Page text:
WASHINGTON, June 9, 2017 ⏤ British Prime Minister Theresa May called for early Parliamentary elections in hopes of cementing her party’s majority. The gambit failed; no party won the majority of seats needed to form a government. Britain is left with a hung Parliament.
May wanted a stronger hand in her negotiations with the European Union over Brexit. Calling an election now seemed a smart move: Labour under the leadership of Jeremy Corbyn was pursuing an anachronistic socialist platform from the 1960s that was almost universally disdained by pundits and the British press. May and her top advisors expected to take enough seats to make her political position unassailable when she faced Europe.
They miscalculated badly, their misreading of the public mood rising nearly to the level of political malpractice. Tory leadership took to anachronistic positions of their own, trotting out Laffer curves and conservative rhetoric of the Thatcher era. Her so-called “dementia tax” on the elderly was widely reviled. Voters who didn’t like Corbyn liked May even less.
Events complicated matters; May was forced to pause her campaign twice due to the recent terror attacks in Manchester and London.
Her catastrophic failure has resulted in calls for May to resign. She has so far rejected them, declaring her intention to form a new government. She received permission from the Queen to do so with support from Northern Ireland’s Democratic Unionist Party (DUP).
May told the press, “What the country needs more than ever is certainty.” And that seems to be precisely what she can’t deliver.
Corbyn has predictably called for May’s resignation so that he can be prime minister. He said he is proud of the results and that they are a “vote for hope for the future.” He added that voters are “turning their backs on austerity.” But voters have not turned to Corbyn. Most of them still find him, his shadow cabinet and his policies deeply troubling. He recently survived a no-confidence vote by his party only with the support of his grass-roots supporters.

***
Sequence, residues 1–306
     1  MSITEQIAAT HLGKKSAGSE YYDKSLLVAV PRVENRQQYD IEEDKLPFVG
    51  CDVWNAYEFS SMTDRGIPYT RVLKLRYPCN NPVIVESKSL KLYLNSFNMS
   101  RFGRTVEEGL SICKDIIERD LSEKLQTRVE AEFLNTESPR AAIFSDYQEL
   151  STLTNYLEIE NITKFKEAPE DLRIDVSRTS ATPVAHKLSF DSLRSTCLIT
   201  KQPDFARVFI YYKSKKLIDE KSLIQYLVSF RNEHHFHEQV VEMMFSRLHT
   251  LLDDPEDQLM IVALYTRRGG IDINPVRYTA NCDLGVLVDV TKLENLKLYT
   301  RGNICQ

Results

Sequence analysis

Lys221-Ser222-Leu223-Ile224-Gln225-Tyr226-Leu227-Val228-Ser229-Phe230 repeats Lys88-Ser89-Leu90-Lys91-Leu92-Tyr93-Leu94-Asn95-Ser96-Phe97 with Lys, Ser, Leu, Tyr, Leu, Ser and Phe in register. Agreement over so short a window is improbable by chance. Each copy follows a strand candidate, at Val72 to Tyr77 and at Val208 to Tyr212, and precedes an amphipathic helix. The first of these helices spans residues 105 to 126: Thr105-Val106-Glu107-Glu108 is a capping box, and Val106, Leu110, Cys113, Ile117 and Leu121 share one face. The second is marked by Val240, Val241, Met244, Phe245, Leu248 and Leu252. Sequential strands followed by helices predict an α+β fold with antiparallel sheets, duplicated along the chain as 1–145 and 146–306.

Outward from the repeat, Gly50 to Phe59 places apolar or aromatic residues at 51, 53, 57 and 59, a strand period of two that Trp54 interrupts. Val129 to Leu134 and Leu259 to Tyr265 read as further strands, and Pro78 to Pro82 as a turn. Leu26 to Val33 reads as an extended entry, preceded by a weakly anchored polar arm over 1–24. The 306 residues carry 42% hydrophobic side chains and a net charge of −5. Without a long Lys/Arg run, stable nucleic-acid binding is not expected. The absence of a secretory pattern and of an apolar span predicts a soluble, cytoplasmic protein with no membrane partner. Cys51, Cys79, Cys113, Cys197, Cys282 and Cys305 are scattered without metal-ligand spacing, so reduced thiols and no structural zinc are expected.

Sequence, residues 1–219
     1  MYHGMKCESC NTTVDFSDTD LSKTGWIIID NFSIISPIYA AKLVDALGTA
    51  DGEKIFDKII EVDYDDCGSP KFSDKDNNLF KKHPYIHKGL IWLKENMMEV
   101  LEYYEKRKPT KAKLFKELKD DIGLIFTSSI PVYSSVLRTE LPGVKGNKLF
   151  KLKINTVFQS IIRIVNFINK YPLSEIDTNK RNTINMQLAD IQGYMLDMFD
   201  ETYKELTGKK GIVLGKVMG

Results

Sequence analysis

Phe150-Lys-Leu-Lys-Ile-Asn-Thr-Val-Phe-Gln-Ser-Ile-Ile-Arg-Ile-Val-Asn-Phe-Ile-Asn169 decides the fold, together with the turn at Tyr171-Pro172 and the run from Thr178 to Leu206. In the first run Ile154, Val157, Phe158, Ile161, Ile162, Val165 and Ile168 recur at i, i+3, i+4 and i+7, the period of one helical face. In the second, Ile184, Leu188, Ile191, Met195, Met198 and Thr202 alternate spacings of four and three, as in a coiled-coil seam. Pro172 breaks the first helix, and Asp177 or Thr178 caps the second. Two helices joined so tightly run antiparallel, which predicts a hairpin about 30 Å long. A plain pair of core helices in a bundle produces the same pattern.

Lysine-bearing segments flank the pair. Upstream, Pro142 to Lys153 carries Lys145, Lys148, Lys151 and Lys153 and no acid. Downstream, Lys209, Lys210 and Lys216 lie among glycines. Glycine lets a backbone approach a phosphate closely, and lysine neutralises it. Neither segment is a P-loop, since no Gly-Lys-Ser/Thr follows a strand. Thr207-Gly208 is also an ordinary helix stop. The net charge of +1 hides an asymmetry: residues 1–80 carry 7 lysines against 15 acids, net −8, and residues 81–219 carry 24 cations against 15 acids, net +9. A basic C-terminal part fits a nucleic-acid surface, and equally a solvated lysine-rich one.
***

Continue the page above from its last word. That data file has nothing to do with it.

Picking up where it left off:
Still, election results turn attention to Labour, which, if it can fix its own problems, is in its best position in years to return to power. Young people in particular seem prepared for a turn to the left.
U.K. Independence Party Paul Nuttall took to Twitter to say that May put Brexit in jeopardy by her actions.
The U.K. could face another election later in the summer. Under Parliamentary rules, an election can happen if two-thirds of MPs vote for it. After Parliament is dissolved, there are 25 working days until an election is held.
British voters have ousted top members of Parliament, including Alex Salmond and Nick Clegg, who lost to Labour candidates. After his defeat, Clegg said Britain is a “deeply divided and polarized” country. The Scottish National Party also received some setbacks, but it did win a majority of the seats in Scotland.
Results of the election are unsettling. The British pound plunged against the dollar and the euro when markets opened. Britain now enters Brexit negotiations weakened, and “hard” Brexit will be off the table. Polling failures will create new uncertainty in political calculations. Pre-election polls also failed in the U.S. last November, and pollsters also failed to predict last year’s Brexit vote.
As May attempts to form a new government, her fate lies in the hands of the Tories. There will be calls from within the party for her to resign, and there will be attempts to force a vote of no-confidence to force her from Party leadership. May has delivered uncertainty, not victory, and will now struggle to ensure that this is not her final act as prime minister.